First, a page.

- Module Code:
- FHEQ Level:
- Taught in:
- Term 1
This module integrates perspectives from our department’s three fields–history, religions, and philosophies–and beyond, for an interdisciplinary critical look at questions on ‘Political Islam.’ Grounded in historical chronology, and balancing geographical specificity with a transregional view, it begins by problematizing the categories of ‘religion’ and ‘politics’. At the same time it shows how these, and other, conceptual categories emerged across various sociopolitical settings from the early modern period to now. The module has two parts:
(1) Empire and Epistemes (2) Nation-States & Neoliberalism, Social Movements & Selfhood
These are organized around changing dominant orderings of the world system, but we will place equal emphasis on describing continuity as well as rupture in our settings, and we trace histories that cut against and across imperial ones, just as much as empire influenced those histories.
Methodologically, we address historiography; political economy; critical theory; anthropology and sociology of Islam; precolonial and modern philosophy and metaphysics; critical gender studies; and anticolonial, decolonial, and border thinking. We will use these sometimes contradictory ways of thinking to explore the sociopolitical and conceptual histories of things like reformism, modernism and positivism, secularism, Salafism, state-centric Islamism, jihad, liberation theologies, women’s movements, and post-Islamism. Especially towards the end, we will ask how these operate on society-wide scales, but also within everyday life and individual subjective worlds.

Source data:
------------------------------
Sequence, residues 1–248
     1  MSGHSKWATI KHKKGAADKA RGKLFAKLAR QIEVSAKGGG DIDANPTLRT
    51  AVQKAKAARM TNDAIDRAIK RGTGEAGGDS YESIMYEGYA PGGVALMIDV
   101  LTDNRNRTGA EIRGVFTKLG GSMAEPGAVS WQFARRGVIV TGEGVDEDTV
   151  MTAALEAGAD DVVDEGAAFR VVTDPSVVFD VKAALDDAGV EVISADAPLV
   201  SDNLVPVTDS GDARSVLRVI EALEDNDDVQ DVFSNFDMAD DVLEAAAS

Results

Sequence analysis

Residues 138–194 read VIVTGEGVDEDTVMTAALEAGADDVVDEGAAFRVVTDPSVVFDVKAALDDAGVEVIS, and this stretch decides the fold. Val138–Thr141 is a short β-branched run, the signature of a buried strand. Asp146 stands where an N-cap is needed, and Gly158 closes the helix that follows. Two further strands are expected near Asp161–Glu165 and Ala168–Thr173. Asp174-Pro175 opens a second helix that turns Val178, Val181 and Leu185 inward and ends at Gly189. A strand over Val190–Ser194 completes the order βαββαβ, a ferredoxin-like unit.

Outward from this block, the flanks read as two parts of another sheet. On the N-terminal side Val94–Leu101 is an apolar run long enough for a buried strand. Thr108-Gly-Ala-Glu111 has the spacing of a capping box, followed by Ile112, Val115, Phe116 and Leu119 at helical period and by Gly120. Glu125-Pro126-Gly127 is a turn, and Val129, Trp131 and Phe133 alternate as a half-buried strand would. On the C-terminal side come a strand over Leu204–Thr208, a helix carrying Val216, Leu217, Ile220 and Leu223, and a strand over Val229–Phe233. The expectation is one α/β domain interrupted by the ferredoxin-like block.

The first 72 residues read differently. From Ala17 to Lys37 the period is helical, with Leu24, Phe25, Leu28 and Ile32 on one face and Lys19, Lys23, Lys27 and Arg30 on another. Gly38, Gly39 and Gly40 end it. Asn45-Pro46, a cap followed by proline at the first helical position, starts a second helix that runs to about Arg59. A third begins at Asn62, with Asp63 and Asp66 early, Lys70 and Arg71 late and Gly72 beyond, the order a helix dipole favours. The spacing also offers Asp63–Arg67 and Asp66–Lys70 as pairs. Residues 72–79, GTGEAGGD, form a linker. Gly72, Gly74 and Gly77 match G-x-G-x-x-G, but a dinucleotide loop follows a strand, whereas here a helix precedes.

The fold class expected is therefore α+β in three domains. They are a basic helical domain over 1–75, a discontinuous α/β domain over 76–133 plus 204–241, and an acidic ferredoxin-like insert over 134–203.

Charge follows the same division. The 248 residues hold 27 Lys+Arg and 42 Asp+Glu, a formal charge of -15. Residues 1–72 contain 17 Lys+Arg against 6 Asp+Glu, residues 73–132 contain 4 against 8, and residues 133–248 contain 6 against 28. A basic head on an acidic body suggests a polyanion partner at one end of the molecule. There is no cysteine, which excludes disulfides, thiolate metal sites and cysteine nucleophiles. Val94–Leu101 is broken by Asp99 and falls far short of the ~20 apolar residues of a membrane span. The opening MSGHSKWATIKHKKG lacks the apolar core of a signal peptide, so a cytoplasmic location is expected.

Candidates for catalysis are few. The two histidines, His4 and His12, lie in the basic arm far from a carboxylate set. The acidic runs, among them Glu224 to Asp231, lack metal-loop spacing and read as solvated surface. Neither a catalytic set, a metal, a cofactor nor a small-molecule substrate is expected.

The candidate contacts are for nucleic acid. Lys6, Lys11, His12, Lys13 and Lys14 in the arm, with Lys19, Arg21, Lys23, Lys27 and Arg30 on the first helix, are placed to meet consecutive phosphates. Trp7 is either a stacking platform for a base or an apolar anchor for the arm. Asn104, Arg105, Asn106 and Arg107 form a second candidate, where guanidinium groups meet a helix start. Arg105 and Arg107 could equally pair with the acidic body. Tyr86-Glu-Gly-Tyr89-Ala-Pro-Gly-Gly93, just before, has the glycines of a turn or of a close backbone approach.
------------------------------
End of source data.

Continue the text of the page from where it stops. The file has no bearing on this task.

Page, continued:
Objectives and learning outcomes of the module
- Compare the variety of Muslim engagement with colonialism and its aftermath since the 18th century in Asia and the Middle East
- Distinguish the core political debates and ideologies in the studied Muslim movement
- Appraise the complex relationship between religion and politics in discissions of political Islam
- Compose well evidenced arguments about the main contextual and ideological factors shaping Muslim political engagement
- Total of 10 weeks teaching with a 1 hour lecture per week a 1 hour seminar per week.
Method of assessment
- A book review of 500 words (20%)
- A literature review of 1500 words (30%)
- An essay of 2500 words (50%)